Does broad money matter for interest rate policy?
This paper presents a business cycle model with financial intermediation encompassing the conventional New Keynesian model. Households’ financial wealth comprises cash and interest bearing deposits. When deposits provide transaction services, real broad money, which is predetermined, affects aggregate demand and has a stabilizing impact. Monetary policy can ensure equilibrium uniqueness if the central bank reacts at least slightly on the real broad money gap. Moreover, if the central bank aims at minimizing a standard loss function, real broad money enters the interest rate reaction function. Thus, money matters if it is defined broadly enough to include all households’ financial assets.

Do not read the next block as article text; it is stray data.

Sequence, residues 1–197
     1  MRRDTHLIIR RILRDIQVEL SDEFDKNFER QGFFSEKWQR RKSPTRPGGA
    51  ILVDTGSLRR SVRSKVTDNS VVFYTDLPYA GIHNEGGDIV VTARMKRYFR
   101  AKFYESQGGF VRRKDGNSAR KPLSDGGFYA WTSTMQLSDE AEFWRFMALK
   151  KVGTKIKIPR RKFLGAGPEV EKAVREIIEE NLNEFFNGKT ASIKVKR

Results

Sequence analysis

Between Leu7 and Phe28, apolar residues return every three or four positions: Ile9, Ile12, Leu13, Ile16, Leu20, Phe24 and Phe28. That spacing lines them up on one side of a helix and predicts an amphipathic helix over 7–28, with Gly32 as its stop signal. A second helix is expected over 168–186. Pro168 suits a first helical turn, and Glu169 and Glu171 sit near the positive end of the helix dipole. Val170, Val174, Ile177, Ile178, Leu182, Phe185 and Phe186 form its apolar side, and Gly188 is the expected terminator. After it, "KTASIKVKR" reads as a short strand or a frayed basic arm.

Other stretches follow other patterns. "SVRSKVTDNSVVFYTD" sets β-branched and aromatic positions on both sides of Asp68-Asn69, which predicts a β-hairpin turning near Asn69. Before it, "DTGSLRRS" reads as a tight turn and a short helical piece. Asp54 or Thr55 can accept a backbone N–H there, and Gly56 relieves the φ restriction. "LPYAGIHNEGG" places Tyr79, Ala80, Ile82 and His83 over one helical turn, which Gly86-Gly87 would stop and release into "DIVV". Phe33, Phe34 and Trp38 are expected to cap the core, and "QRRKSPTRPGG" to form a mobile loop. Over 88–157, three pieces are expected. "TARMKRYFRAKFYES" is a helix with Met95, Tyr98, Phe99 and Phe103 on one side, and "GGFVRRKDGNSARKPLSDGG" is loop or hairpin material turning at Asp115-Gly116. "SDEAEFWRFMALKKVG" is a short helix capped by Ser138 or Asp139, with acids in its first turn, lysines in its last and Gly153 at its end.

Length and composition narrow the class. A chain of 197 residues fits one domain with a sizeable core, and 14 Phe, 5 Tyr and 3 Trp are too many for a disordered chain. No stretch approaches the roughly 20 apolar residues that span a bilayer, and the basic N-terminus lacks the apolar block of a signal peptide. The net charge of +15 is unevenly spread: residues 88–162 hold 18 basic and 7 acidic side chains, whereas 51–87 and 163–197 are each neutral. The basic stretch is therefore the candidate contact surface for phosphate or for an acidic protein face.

|Date of creation:||2002|
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- von Hagen, J, 1995. "Inflation and Monetary Targeting in Germany," Papers 03, American Institute for Contemporary German Studies-.
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